After the last wage agreement expired in March 2015, Planters Association chairman Roshan Rajadurai declared that the companies could not accept a pay rise of even one rupee. He proposed a “revenue sharing system”—in effect a share-cropper system—whereby a family would be allocated between 1,200 and 1,500 tea bushes to tend, and would receive a share of the revenue after the harvest. He insisted that without high productivity and low labour costs, the plantation companies could not compete on the world market.
The unions supported company plans to increase the tea plucking targets but in many estates the workers resisted. The Employers Federation has now proposed a “hybrid system” or two-tier system—a daily wage of 720 rupees, including a 100-rupee variable allowance for 12 days a month, and 13 days of wages directly dependent on productivity. According to Rajadurai, this system would be a “rehearsal” for the revenue sharing system.
The government supports the employers’ plan and demands it be expedited. At the same time, it is also discussing plans to assist the companies in dismantling many “unviable” estates and switching to other crops—with the loss of tens of thousands of jobs.
The assault on plantation workers is part of a broader attack on the living conditions and social rights of workers and the poor. The government is implementing the austerity measures dictated by the International Monetary Fund, including tax increases, prices rises for essential items, the privatisation of state-owned enterprises and cutbacks to public education and health.
Amid the deepening crisis of world capitalism, workers in every country face similar onslaughts on their wages, jobs, living conditions and basic democratic and social rights.
To have a decent life, plantation workers need a guaranteed monthly wage indexed to the cost of living; proper housing, health care and education; jobs for young people and full citizenship rights for all plantation workers. They also need an end to backbreaking workloads.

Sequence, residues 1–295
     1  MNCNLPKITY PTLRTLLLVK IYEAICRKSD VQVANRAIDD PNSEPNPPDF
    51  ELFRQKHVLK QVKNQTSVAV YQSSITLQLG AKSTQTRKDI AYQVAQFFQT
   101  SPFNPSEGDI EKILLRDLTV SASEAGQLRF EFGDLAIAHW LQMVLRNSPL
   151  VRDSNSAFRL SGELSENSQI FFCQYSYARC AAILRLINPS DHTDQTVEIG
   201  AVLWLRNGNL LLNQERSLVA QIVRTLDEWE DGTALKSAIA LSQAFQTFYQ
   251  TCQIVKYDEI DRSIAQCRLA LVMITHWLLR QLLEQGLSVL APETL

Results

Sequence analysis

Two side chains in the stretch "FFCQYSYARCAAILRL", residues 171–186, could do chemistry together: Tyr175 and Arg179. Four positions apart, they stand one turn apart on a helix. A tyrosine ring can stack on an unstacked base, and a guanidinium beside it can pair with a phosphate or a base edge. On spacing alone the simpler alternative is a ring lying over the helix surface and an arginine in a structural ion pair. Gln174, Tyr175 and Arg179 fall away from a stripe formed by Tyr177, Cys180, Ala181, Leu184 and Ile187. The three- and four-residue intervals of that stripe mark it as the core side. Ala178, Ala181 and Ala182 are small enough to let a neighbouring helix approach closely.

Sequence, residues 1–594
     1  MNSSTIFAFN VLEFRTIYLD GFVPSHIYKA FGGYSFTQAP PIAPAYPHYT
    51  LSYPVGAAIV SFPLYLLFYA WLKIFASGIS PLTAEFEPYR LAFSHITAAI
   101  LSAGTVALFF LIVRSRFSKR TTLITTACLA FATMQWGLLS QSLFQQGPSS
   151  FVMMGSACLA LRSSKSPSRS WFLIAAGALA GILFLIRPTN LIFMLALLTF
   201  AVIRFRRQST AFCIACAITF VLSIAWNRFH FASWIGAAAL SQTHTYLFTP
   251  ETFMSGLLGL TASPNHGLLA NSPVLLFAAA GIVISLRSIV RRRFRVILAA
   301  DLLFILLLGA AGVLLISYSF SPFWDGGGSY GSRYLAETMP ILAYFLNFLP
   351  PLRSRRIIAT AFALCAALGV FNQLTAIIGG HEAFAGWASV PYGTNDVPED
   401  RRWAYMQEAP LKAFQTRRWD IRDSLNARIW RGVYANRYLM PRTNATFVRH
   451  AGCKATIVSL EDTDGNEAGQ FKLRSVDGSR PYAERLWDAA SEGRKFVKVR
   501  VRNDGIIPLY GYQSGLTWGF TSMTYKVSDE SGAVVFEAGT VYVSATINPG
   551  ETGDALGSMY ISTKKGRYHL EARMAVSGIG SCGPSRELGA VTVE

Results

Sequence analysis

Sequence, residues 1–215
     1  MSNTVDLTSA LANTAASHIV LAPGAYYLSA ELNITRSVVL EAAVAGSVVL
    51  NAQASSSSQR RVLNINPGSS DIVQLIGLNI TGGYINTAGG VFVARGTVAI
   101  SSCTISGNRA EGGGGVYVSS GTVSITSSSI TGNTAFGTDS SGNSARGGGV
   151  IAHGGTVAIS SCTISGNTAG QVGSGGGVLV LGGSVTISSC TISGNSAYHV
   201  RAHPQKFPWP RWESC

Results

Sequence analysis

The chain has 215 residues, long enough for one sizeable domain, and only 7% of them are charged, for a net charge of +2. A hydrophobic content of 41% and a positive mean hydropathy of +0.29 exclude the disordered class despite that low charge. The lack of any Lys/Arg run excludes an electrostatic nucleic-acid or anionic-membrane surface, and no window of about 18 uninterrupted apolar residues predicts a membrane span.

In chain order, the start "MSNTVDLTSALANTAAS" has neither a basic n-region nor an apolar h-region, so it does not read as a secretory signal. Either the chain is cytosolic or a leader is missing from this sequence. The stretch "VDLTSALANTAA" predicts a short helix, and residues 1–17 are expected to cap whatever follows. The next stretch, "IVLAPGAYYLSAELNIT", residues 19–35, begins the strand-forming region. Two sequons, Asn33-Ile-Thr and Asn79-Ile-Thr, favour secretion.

None of these essential social rights can be achieved under capitalism and the private ownership of the plantations. The plantation companies are destroying even the current oppressive living conditions. What is necessary is the nationalisation of the plantations under workers’ control as part of the broader transformation of society on socialist lines.
This struggle requires workers in the plantations to turn to their class brothers and sisters in other sectors in Sri Lanka and globally, in the common struggle for socialist internationalism, that is, the reorganisation of society to meet the pressing needs of the majority, not the profits of the wealthy few.
To fight for this perspective, workers need new organisations. That is why the Socialist Equality Party is urging workers to take matters into their own hands, break from the unions and form their own independent rank-and-file action committees, committed to socialist policies and the establishment of a workers’ and peasants’ government. It is urgent that workers in every plantation elect their own action committees to form the basis for a joint committee, which will coordinate the struggle throughout the plantations and other sectors.
Above all, this political struggle needs revolutionary leadership. The SEP is the party that fights for this perspective in Sri Lanka. We urge workers and youth to join the SEP and to build it as the mass revolutionary party of the working class.